Sure, millions of Americans can't read. Yeah, yeah, I guess welfare presents its fair share of problems, too. Oh, and crime in our schools ... that's not exactly a positive trend either.
Essentially, our fine nation is crumbling before our very eyes, with hope for a better future about as doubtful as O.J.'s plea of innocence, right?
I beg to differ. The American Dream is alive and well, in, of all places, the athletic arena. And no, you don't have to run like Maurice Greene, shimmy and shake like Peter Warrick or even bob and weave like the St. Louis Rams to think big.
This smells of a Sally Struthers employment infomercial: "You, yes you ... a middle-aged stock broker with two years of Pop Warner under your belt, the physique of a jelly doughnut and the grace of an anteater, can spend the rest of your life pretending you know something about sports ... and get paid for it."
I know, it sounds sardonic and cynical, but really, when you think about it, nothing in American society is more beautiful. Not blessed with Mach 9 speed, no "Eastbay Funk" slam dunks in your immediate future, no problem. You don't have to be the most lithe person around to be a sporto for life; all you have to do is be an NFL Draft expert, high-school recruiting analyst ... or a beat writer for a college newspaper.
NFL Draft Experts
Always conscious of tact, Indianapolis Colts general manager Bill Polian once remarked that Mel Kiper Jr., the greasy-haired overlord of the NFL Draft, had "never even put on a jock before."
Right you are, sir. But again, beneath the sound of Kiper barking "that the Jets have no idea what the draft is all about" lies sports' true greatness.
Mel Kiper didn't play football ... ever. Not college, not high school, presumably not pee wee, flag, two-touch or even Nerf. One day he simply stumbled upon an ingenious idea: He would transform his garage into a World War II-like War Room, and he would become the Winston Churchill of the NFL Draft. Well, the boy made good on his promise, and what do you know. Some 20-odd years later he's still putting out a yearly mock draft and getting paid for it at the same time ... royally ... by ESPN.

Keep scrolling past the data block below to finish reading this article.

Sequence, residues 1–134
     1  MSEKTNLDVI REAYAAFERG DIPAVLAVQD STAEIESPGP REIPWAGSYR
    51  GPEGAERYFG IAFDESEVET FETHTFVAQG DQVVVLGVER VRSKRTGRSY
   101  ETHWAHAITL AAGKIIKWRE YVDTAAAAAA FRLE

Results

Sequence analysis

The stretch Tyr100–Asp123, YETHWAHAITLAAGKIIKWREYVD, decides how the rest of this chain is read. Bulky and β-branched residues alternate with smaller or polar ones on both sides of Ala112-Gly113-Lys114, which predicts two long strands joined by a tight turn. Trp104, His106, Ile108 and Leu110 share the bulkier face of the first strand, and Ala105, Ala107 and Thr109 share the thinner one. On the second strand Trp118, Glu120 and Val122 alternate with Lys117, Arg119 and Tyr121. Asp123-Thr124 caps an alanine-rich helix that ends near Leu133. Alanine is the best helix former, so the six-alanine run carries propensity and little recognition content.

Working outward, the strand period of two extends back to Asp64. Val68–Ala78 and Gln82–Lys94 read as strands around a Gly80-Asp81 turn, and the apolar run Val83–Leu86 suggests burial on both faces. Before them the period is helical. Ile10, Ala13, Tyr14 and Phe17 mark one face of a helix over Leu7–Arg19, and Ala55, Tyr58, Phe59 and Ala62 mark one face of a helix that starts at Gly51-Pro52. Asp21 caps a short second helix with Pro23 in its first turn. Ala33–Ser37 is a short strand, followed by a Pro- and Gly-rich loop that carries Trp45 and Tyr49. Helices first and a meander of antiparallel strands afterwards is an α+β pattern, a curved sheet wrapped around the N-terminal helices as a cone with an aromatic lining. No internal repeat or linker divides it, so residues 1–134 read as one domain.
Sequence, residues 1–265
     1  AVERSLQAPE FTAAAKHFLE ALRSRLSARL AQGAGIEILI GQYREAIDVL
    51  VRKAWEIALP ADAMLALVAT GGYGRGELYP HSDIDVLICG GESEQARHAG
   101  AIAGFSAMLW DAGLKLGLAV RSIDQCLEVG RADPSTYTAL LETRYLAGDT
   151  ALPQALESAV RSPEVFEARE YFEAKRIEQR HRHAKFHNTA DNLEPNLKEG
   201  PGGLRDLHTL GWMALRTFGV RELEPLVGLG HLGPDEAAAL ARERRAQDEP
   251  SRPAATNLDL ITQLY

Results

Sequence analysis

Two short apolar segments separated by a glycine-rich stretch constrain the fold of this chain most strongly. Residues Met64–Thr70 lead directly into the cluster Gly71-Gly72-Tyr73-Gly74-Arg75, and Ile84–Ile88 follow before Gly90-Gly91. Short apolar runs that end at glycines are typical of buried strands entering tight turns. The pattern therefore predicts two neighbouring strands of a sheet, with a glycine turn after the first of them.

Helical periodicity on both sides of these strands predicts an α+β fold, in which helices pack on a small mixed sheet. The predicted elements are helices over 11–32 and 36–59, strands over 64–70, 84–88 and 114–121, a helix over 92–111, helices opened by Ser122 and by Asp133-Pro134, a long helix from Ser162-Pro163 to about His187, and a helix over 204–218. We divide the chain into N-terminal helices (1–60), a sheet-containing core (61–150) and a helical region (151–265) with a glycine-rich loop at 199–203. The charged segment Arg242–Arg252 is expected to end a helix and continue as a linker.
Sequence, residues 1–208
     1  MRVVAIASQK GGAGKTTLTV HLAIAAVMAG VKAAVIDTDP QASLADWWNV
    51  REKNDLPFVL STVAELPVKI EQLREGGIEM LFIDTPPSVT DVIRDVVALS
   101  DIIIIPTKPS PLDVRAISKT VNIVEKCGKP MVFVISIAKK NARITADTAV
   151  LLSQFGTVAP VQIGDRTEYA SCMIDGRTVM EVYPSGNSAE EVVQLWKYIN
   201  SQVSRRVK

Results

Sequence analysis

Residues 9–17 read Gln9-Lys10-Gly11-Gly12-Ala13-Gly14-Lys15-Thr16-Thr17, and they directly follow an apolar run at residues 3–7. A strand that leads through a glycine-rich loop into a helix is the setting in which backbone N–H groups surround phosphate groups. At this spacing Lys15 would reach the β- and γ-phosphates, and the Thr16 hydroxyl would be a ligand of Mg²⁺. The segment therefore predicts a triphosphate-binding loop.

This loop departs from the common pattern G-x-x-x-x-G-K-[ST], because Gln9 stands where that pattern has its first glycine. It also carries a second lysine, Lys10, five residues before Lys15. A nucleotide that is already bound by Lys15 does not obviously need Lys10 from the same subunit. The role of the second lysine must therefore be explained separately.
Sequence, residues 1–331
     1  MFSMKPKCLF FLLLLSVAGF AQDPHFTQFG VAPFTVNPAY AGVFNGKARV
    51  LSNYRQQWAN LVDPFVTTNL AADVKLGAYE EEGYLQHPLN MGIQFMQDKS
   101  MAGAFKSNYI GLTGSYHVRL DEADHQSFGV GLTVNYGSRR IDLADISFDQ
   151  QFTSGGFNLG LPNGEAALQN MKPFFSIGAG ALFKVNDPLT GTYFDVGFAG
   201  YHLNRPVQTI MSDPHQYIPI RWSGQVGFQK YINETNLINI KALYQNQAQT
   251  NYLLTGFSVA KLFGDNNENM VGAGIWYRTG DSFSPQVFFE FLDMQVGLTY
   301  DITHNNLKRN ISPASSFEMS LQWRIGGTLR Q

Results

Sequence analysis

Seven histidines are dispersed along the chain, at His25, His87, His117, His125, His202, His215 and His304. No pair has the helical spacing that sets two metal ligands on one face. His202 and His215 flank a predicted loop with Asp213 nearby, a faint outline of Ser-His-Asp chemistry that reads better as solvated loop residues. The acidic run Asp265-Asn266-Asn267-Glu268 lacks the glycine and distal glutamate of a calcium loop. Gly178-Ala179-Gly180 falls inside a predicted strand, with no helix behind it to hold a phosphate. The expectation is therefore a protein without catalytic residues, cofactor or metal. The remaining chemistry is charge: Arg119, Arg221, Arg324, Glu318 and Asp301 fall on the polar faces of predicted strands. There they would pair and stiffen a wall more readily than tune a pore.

It's a heartwarming story. Whether you love Kiper or you loathe him, chances are you can run faster and jump higher than the self-proclaimed draft demigod. But hey, he's the one putting food on the table by debating whether Ross Verba's limited lateral movement makes the offensive tackle a first round selection of the Packers or a Panthers fourth-round pick.
I believe his word, too. I chuckle at his story, but at the same time, I admire it, and I respect the undying passion he brings to the War Room each and every morning.
Basketball Recruiting Analysts
And you thought Kiper's saga put Ben Franklin to shame -- just wait till you get the scoop on some of these roundball recruiting gurus.
Let me be the first one to assure you that they did not play basketball, college or pro. It's likely they didn't coach it either. How do I know? What gives me the right to assume such things, to make such audacious judgments?
Well, let's just say that when you give them a jingle, a "coaches office" salutation rarely greets you. Instead, there's a good chance you hear a "correctional facilities" tag or if you're especially lucky, a "certified public accountant" reference.
America -- you've been had. These guys know little more about basketball than Bobby Cremins, and even Ed Cota shoots the jump shot better than them, but they have newsletters and publications inundated with nothing but their recruiting genius circulating all over the globe.
More power to them. If they can detail the trials and tribulations of a ballyhooed 17-year-old basketballer torn apart by his college decision and get paid for it at the same time, then my hat goes off to them.
And as if you need another example to crystallize the fact that you don't have to be an athletic wunderkind to be in athletics, take me for instance.
I never played football. I played two years of high school basketball, and just last month, I touched the net for the first time. I hit .225 as a second baseman for the Chamber Baseball League Cubs. And I'm writing about sports and talking about them on the radio every day of my life. I couldn't be happier. Life couldn't be better.
Sorry Latrell Sprewell, but you're not the American Dream (especially with those grotesque dreads), no matter what you may preach to us on television. Mel Kiper is. Bob Gibbons is. I am.